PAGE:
UPDATE: The piece of art previously accompanying this was actaully by Rafael Albuquerque Here’s a legit piece of Murphy art: a variant cover for the upcoming Vertigo monthly Saucer Country. You may enjoy his commentary in the link.
Artist Sean G. Murphy (Joe the Barbarian) has posted a piece on his DA page called
5 Year Plan — it’s about planning for the future — something very few young cartoonists seems to have the courage to do. I recently told a talented young cartoonist “Keep doing what you love until someone pays you for it” — which is pretty basic “follow your bliss” advice. Murphy’s is a little more practical:
If I had to sum up the 5 Year Plan of newer freelancers, it would sound like this: “I’m always working on my craft and trying to get to shows. Maybe I’ll put a sketchbook together. I tweet with a lot of other artists during the day, and I kind of have this story of my own that I’d kind of like to work on someday. Then again, I also have back-end offers from writers who seem like they know what they’re doing. I don’t know yet–mostly I’m just going to hang in there and hope that Marvel or DC will take notice and offer me something good. Then I’ll have a fan base. I don’t know, but I’d like to be the next Jim Lee.”
This kind of ho-hum approach drives me crazy. The sit-around-and-wait-for-opportunity-of-comics has retarded freelancers into submission. But there are other reasons why I think this happens.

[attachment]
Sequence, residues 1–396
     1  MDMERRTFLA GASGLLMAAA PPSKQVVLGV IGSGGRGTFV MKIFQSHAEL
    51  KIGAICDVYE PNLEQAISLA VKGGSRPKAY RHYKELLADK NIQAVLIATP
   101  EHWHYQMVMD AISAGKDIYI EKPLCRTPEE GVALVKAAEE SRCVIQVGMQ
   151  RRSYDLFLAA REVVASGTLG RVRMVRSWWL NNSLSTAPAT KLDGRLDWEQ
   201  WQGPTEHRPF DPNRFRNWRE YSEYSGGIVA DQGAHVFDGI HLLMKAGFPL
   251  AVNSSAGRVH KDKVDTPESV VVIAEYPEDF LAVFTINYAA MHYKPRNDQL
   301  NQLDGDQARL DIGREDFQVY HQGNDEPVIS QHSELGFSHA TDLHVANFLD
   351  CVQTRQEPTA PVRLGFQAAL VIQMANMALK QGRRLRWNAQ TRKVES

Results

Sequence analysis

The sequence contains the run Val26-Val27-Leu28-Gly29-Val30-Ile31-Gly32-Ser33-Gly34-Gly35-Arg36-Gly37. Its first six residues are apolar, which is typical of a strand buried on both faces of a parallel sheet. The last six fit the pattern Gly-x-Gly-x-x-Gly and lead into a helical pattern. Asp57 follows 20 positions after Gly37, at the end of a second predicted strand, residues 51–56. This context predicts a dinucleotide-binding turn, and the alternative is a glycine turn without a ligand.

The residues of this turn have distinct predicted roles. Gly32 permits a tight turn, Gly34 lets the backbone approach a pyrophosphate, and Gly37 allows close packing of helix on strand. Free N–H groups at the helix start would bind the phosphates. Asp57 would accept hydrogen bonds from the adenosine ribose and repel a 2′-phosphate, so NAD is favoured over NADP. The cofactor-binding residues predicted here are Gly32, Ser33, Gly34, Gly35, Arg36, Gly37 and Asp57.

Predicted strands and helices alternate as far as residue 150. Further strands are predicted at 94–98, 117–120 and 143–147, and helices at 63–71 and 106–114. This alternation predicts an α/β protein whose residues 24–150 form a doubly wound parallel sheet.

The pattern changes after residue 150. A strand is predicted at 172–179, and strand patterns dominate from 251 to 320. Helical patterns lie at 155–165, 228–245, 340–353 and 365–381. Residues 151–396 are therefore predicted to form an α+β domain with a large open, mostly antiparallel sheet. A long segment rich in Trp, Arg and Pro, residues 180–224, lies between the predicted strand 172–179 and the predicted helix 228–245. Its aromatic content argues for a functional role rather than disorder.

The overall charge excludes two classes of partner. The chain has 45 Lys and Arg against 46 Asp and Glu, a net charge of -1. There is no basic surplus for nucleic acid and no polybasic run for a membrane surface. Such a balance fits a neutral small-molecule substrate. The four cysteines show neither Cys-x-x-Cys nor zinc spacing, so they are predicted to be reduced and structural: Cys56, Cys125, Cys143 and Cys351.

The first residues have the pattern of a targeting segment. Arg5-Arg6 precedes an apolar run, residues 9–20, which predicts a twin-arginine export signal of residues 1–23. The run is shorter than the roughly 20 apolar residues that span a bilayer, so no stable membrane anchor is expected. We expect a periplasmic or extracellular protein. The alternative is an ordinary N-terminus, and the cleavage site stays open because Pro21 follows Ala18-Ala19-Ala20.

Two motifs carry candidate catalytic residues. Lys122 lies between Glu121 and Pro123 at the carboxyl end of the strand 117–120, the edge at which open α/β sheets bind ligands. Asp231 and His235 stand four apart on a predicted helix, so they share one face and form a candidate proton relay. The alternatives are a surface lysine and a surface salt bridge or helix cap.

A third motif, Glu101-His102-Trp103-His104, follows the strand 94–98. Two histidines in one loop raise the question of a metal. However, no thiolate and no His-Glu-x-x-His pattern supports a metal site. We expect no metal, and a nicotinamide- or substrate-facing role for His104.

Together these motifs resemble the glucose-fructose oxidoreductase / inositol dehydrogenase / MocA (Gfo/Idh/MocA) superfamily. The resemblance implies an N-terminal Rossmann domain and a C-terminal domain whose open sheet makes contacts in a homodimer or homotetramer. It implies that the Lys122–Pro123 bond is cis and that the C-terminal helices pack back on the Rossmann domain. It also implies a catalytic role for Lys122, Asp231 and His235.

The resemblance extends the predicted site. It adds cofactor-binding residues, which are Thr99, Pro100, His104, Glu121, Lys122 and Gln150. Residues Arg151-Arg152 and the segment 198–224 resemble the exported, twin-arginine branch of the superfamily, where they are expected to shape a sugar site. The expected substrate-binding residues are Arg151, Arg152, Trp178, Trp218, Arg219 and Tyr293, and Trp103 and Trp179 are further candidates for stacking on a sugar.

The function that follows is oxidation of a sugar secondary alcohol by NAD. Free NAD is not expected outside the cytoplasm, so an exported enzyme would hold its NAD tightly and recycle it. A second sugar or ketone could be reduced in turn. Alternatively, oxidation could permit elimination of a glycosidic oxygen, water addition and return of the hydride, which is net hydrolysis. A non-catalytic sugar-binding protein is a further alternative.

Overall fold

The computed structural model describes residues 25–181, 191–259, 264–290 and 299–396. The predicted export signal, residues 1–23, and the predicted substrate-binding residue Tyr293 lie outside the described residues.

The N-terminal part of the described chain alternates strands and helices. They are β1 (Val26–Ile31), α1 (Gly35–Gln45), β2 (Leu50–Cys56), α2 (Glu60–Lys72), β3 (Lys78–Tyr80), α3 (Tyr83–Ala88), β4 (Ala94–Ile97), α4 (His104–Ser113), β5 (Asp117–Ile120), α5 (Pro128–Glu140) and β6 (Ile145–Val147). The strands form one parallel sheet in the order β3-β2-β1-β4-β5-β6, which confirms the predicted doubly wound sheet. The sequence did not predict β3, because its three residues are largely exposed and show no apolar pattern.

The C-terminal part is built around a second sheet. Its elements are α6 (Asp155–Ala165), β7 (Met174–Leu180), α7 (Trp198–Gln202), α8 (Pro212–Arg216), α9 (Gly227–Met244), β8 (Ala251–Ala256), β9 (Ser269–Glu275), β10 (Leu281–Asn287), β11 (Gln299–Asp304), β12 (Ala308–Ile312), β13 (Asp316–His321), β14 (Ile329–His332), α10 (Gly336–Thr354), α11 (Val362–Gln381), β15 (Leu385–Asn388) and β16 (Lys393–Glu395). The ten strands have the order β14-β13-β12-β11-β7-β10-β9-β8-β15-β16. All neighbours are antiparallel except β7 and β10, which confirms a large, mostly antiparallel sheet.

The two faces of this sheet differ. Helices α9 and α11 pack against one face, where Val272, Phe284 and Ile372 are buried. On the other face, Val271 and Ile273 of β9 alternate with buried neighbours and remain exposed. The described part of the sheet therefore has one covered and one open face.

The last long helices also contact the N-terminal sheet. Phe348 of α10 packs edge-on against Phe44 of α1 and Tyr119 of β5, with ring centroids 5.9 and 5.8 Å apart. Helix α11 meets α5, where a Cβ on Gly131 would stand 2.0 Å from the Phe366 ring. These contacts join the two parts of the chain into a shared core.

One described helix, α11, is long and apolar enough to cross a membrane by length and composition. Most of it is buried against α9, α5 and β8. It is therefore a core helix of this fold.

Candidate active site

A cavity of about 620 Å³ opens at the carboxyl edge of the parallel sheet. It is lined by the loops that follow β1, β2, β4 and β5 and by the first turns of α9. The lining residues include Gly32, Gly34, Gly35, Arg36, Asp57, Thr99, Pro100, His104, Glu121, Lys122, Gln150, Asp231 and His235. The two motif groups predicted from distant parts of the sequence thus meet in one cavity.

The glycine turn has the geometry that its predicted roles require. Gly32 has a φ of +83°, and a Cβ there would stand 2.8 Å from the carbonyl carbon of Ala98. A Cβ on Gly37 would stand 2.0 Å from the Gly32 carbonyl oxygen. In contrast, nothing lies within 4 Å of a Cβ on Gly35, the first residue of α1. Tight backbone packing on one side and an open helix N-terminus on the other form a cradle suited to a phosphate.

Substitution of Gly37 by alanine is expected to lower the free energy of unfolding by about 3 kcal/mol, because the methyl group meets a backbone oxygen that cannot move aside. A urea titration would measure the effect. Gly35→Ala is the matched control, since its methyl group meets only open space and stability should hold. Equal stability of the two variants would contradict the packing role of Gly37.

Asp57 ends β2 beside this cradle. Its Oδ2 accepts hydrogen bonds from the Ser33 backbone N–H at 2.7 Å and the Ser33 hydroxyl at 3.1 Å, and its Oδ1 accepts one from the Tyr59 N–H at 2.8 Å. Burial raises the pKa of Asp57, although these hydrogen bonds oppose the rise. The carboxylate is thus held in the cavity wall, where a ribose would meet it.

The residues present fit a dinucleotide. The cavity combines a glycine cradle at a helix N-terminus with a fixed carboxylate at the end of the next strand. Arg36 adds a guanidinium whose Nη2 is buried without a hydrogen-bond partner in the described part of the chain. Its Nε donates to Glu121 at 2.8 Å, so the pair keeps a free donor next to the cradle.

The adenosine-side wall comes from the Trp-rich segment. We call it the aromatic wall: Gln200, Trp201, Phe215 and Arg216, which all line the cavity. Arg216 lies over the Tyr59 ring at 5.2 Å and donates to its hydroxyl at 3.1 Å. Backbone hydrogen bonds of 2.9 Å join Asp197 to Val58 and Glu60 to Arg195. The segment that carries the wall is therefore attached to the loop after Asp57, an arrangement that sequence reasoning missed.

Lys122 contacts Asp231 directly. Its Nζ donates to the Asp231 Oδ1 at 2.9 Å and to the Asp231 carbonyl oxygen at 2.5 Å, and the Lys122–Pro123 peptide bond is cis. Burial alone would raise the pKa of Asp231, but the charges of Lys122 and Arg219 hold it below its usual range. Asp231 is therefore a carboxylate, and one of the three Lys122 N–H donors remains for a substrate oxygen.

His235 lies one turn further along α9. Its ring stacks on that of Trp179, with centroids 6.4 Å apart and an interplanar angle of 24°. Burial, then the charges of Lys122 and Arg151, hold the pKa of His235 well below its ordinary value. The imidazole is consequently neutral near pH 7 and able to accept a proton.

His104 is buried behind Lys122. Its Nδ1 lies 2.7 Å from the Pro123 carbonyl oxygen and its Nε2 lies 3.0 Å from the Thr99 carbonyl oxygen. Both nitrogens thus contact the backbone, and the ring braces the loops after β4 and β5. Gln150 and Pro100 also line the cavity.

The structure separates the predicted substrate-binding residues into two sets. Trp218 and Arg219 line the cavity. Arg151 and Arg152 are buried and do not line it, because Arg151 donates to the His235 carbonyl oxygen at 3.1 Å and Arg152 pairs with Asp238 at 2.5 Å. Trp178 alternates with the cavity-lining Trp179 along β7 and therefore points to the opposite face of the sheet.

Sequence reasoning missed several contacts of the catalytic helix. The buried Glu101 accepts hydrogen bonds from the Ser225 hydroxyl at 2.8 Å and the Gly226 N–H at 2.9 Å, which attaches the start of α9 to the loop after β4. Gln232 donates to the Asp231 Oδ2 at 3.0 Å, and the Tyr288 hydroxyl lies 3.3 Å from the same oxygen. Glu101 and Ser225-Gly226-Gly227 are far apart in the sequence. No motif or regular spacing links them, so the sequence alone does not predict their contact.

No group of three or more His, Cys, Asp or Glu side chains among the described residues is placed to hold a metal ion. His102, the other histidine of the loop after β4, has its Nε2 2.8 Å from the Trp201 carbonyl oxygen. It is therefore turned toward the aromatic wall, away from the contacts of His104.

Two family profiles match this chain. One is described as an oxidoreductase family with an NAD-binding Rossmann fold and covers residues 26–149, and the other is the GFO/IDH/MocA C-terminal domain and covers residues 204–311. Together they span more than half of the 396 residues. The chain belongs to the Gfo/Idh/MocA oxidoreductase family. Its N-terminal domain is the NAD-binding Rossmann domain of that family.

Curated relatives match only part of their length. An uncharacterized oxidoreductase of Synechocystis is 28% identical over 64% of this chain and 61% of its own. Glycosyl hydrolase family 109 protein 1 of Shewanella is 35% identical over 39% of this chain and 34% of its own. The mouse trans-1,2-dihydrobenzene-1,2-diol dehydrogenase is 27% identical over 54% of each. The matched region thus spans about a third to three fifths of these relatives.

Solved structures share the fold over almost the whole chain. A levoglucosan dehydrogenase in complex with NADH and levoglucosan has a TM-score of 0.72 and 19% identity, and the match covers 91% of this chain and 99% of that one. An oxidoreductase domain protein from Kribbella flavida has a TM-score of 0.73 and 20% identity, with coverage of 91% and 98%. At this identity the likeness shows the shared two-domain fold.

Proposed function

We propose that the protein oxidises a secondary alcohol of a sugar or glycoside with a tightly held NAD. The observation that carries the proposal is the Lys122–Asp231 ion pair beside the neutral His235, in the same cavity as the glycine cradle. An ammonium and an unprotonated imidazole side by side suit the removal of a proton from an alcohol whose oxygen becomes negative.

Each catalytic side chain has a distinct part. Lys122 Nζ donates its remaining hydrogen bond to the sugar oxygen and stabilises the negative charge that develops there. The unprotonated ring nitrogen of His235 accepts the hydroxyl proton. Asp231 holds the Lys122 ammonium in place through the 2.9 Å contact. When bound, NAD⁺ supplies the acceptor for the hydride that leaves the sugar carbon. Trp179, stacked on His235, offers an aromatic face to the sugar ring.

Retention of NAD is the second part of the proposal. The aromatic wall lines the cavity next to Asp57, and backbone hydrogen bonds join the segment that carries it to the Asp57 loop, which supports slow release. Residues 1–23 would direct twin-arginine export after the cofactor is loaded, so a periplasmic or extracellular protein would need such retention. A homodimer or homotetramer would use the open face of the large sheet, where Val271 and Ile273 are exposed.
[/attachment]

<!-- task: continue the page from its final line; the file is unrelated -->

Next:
There’s much more solid practical advice in the link. Go read it — much of it applies to any vocation. Just in case you are too lazy to click on the link — in which case we’re not certain we should be helping — here are the topics, PowerPoint style:
3 THINGS AT ONCE
CONNECT THE DOTS
There’s a follow up interview with Murphy in the Daily Trojan
“Because of the nature of my work, my vocal reputation and the fact that I’m getting paid to write for myself, I think my position in comics is unusual,” Murphy said. “I owe it to people to describe what I’m seeing from where I stand. My thoughts are worth nothing unless I write them down — even if it upsets a lot of other professionals, which my blogs often do. It’s worth it for me to piss off one professional if it helps 10 students.”
Heidi MacDonald is the founder and editor in chief of The Beat. In the past, she worked for Disney, DC Comics, Fox and Publishers Weekly. She can be heard regularly on the More To Come Podcast. She likes coffee, cats and noble struggle.